A mechanistic overview of approaches for the treatment of psychostimulant dependence

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Psychostimulant use disorder is a major health issue around the world with enormous individual, family-related and societal consequences, yet there are no effective pharmacological treatments available. In this review, a target-based overview of pharmacological treatments toward psychostimulant addiction will be presented. We will go through therapeutic approaches targeting different aspects of psychostimulant addiction with focus on three major areas; 1) drugs targeting signalling, and metabolism of the dopamine system, 2) drugs targeting either AMPA receptors or metabotropic glutamate receptors of the glutamate system and 3) drugs targeting the severe side-effects of quitting long-term psychostimulant use. For each of these major modes of intervention, findings from pre-clinical studies in rodents to clinical trials in humans will be listed, and future perspectives of the different treatment strategies as well as their potential side-effects will be discussed. Pharmaceuticals modulating the dopamine system, such as antipsychotics, DAT-inhibitors, and disulfiram, have shown some promising results. Cognitive enhancers have been found to increase aspects of behavioural control, and drugs targeting the glutamate system such as modulators of metabotropic glutamate receptors and AMPA receptors have provided interesting changes in relapse behaviour. Furthermore, CRF-antagonists directed toward alleviating the symptoms of the withdrawal stage have been examined with interesting resulting changes in behaviour. There are promising results investigating therapeutics for psychostimulant addiction, but further preclinical work and additional human studies with a more stratified patient selection are needed to prove sufficient evidence of efficacy and tolerability.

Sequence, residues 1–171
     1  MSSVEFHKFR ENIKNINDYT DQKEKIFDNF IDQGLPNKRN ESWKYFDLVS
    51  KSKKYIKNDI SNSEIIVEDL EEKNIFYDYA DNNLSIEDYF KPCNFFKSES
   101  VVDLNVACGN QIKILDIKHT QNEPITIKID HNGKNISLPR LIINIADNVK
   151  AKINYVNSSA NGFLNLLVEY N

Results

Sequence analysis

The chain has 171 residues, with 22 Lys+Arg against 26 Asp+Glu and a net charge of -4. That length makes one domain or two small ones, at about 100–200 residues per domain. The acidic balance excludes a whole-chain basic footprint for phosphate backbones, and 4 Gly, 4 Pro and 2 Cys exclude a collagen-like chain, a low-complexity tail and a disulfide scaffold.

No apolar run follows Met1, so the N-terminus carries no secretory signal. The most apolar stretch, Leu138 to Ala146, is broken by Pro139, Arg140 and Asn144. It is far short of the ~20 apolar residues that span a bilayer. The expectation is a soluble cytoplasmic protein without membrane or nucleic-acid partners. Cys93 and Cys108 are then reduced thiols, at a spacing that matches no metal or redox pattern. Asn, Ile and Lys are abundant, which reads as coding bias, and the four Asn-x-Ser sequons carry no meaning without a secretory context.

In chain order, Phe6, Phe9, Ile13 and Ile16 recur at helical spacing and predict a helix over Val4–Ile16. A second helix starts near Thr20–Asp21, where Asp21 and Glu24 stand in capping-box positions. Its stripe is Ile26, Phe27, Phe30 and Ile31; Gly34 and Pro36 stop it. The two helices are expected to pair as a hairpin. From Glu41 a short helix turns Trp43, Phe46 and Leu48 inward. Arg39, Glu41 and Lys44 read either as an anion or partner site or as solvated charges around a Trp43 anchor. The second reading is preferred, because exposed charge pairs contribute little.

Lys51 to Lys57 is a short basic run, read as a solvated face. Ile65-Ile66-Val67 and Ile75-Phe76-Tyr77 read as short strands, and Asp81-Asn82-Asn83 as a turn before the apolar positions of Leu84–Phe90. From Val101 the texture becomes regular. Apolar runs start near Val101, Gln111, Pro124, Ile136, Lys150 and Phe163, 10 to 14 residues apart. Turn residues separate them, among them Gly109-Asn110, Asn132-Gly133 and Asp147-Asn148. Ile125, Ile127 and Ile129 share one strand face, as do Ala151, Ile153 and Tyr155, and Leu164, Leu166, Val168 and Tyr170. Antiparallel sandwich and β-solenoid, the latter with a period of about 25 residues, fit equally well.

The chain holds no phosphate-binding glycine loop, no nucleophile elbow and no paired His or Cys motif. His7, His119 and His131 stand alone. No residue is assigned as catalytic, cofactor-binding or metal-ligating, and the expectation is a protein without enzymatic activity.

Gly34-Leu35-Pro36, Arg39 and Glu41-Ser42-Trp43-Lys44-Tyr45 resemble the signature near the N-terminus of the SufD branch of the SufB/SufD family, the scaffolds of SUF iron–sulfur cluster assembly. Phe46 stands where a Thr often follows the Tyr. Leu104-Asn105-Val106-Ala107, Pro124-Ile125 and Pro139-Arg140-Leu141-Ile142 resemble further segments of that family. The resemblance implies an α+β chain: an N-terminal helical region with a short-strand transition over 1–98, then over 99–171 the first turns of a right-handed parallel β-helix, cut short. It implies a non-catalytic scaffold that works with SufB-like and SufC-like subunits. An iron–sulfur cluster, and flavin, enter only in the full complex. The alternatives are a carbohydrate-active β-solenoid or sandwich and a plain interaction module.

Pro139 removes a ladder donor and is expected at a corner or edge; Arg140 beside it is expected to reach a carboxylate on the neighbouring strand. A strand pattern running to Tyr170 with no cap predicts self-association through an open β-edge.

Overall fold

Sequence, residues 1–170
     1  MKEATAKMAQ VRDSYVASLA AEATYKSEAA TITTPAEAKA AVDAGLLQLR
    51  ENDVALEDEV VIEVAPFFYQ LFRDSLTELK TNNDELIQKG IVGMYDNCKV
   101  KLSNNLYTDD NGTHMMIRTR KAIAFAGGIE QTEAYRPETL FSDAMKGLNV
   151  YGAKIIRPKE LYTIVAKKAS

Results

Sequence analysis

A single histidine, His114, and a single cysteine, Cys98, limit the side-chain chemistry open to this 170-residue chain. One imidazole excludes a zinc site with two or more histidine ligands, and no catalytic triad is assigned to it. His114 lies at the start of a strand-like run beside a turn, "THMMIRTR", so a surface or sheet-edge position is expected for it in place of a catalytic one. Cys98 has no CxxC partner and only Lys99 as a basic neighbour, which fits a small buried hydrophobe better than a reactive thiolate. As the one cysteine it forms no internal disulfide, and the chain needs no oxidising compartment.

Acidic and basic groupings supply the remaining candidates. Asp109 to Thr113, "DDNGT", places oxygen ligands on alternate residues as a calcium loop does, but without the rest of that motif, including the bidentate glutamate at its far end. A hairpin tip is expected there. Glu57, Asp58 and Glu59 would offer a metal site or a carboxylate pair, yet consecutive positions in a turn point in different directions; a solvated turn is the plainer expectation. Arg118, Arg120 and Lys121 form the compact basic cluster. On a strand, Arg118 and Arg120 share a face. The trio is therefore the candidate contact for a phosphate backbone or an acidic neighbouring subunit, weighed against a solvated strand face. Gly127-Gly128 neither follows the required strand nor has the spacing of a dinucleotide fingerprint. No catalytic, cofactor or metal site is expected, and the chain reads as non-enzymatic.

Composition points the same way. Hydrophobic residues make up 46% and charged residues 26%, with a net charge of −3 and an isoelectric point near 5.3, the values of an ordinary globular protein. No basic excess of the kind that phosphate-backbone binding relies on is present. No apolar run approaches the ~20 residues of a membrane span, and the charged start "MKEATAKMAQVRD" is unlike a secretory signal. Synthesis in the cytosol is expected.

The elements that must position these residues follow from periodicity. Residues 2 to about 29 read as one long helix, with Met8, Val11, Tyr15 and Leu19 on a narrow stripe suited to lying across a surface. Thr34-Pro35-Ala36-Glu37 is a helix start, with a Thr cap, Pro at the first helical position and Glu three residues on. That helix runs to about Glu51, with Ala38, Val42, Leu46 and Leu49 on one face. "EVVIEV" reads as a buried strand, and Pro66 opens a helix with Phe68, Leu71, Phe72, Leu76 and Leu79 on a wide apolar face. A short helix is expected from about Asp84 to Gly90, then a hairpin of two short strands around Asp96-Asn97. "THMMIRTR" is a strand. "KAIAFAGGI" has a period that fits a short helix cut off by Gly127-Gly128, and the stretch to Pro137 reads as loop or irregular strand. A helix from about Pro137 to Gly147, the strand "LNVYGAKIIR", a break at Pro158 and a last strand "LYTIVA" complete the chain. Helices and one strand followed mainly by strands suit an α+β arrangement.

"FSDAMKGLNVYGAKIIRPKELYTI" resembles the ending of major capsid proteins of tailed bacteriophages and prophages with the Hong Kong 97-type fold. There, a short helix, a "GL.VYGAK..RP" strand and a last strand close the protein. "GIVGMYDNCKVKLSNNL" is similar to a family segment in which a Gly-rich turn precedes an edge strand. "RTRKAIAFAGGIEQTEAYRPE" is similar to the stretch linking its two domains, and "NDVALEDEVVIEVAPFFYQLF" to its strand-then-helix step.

Original languageEnglish
Article number854176
JournalFrontiers in Pharmacology
Number of pages22
Publication statusPublished - 2022

Bibliographical note

Publisher Copyright:
Copyright © 2022 Jensen, Jensen and Madsen.

    Research areas

  • addiction disorders, addiction treatment, amphetamine dependence treatment, clinical trial, cocaine dependence treatment, psychostimulant addiction, psychostimulant dependence

ID: 321706162